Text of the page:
(This is the 50th anniversary of my first article in Runner’s World magazine. All year I post excerpts from my book, This Runner’s World.)
October 1997 (retitled in the magazine). When I hear of runners cheating in a race, pretending to do what they didn’t, stealing an honor that wasn’t theirs, I’m as amazed as I am appalled. This crime is foreign to everything most runners believe. If we run mostly to improve and impress ourselves, then the person most cheated is the cheater.
Thousands of runners honored the pledge to themselves to run an honest race last spring at the Boston and Pittsburgh Marathons. A few deviants couldn’t accept the elemental honesty of a certain time over a specific distance.
A husband-wife couple “won” their age-groups at Boston, and a man snuck into seventh place in Pittsburgh’s national-championship division. John Murphy, 61, and Suzanne Murphy, 59, from California claimed to have run 2:43 and 3:12 at Boston. Scott Stakich, a 23-year-old from Pennsylvania, briefly got away with breaking 2:20 at Pittsburgh.
I could have refused to type their names, treating them as the non-finishers they were and anti-runners they are. But greater good may be done by naming them. This might shame them permanently from the sport and deter others tempted to try the same dirty deeds.
If the Murphys and Stakich really believe what they did, they have simple recourse. They can clear their names without going to court but by running another carefully monitored race and coming anywhere near their claimed time.
History says they won’t. Others caught cheating in some of America’s biggest races – Rosie Ruiz, Candy Dodge, Frank Grey, John Bell, Oscar Miranda and their ilk – all protested their innocence. But all failed to make amends in the one way that any runner would accept.
I won’t overstate the problem. Cheaters are as rare in this sport as sub-2:20 American marathoners. But one scofflaw per thousand honorable runners is too many, and surveillance must be vigorous and punishment harsh to root out that one.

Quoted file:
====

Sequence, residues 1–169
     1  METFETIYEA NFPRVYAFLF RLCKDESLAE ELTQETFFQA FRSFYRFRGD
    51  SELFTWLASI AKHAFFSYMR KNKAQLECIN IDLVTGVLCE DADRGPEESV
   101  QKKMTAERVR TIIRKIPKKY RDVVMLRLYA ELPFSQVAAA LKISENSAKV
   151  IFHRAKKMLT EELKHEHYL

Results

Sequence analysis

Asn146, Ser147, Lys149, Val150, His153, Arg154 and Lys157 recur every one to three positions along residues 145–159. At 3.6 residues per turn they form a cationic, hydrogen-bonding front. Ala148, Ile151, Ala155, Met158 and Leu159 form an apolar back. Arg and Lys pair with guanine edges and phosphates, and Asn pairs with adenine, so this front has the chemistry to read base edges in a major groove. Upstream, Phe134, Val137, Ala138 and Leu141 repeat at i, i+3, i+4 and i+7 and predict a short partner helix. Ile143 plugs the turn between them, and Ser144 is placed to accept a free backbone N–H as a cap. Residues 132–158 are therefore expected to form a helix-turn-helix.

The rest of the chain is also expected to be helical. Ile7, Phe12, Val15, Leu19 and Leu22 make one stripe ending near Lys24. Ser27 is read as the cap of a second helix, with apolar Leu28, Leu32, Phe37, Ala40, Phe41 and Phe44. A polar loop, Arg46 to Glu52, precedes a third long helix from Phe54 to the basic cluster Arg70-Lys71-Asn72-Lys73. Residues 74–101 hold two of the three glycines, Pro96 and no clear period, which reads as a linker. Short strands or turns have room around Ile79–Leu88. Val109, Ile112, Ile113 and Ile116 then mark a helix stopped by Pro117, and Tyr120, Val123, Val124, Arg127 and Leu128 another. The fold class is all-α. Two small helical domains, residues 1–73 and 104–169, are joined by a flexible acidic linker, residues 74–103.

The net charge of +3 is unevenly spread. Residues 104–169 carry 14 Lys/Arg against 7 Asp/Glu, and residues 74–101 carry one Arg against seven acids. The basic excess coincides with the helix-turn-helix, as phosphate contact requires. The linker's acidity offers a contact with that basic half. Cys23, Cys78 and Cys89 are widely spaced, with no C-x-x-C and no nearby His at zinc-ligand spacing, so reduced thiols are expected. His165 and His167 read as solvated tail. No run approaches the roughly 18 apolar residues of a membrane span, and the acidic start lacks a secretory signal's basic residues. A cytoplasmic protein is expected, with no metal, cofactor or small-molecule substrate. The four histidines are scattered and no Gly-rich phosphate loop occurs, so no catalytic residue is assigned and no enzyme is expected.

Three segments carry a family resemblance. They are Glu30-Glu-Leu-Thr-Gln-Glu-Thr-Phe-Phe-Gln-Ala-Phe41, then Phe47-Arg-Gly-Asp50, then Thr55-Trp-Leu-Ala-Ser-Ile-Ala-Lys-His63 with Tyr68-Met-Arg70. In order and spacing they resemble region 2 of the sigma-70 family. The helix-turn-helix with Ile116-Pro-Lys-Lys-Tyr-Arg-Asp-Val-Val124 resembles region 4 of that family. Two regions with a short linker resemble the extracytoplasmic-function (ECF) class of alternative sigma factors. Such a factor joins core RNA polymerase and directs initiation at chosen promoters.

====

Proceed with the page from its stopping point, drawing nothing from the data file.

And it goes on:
When the Murphys and Stakich were nabbed, they raised further suspicions: How often had they gotten away with this before? And how many others do the same and avoid detection?
If secret on-course videotaping or computer-chip technology catch cheaters, what is fitting punishment? A lifetime ban from racing, certainly (though this is usually voluntary, since the exposed seldom show their faces at races again).
Banishment isn’t enough. My friend Geoff Pietsch, once the victim of a cheater at the New York City Marathon, says, “I’d personally favor drawing and quartering, but would settle for jail time. Why shouldn’t someone who steals another’s achievements – honors which matter far more than worldly goods – go to jail?”
Maybe the real age-group winners at Boston, Anthony Cerminaro and Susan Gustafson, should have sued the Murphys. Or maybe officials in Pittsburgh should have charged Stakich with trying to make off with $2500 that wasn’t his (including temporarily picking $500 from the pocket of the real seventh-placer, Michael Dudley).
I’d settle for the cheaters sitting down with a tough interviewer who asks how they would explain themselves to the runners they defrauded, or to their families, or to themselves. They’d have excuses, of course, that let them live with their lies. A shriveled conscience separates the short-cutters from you and me.
Imagine if you were running an out-and-back course... at night... with no other runners and no spectators in sight... no official or video camera at the turnaround... no computer chip in your shoelace. Would you turn back anywhere from a block to a mile early? No one else would know, but your knowing would be punishment enough.
2018 Update. The best catch-a-cheat story I’ve read is Mark Singer’s in New Yorker magazine, 2012. Scott Hubbard did much of the detective work that revealed runner Kip Lipton’s dirty deeds.
[Many books of mine, old and recent, are now available in two different formats: in print and as ebooks from Amazon.com. The titles: Going Far, Home Runs, Joe’s Team, Learning to Walk, Long Run Solution, Long Slow Distance, Next Steps, Pacesetters, Run Right Now, Run Right Now Training Log, See How We Run, Starting Lines, and This Runner’s World, plus Rich Englehart’s book about me, Slow Joe.]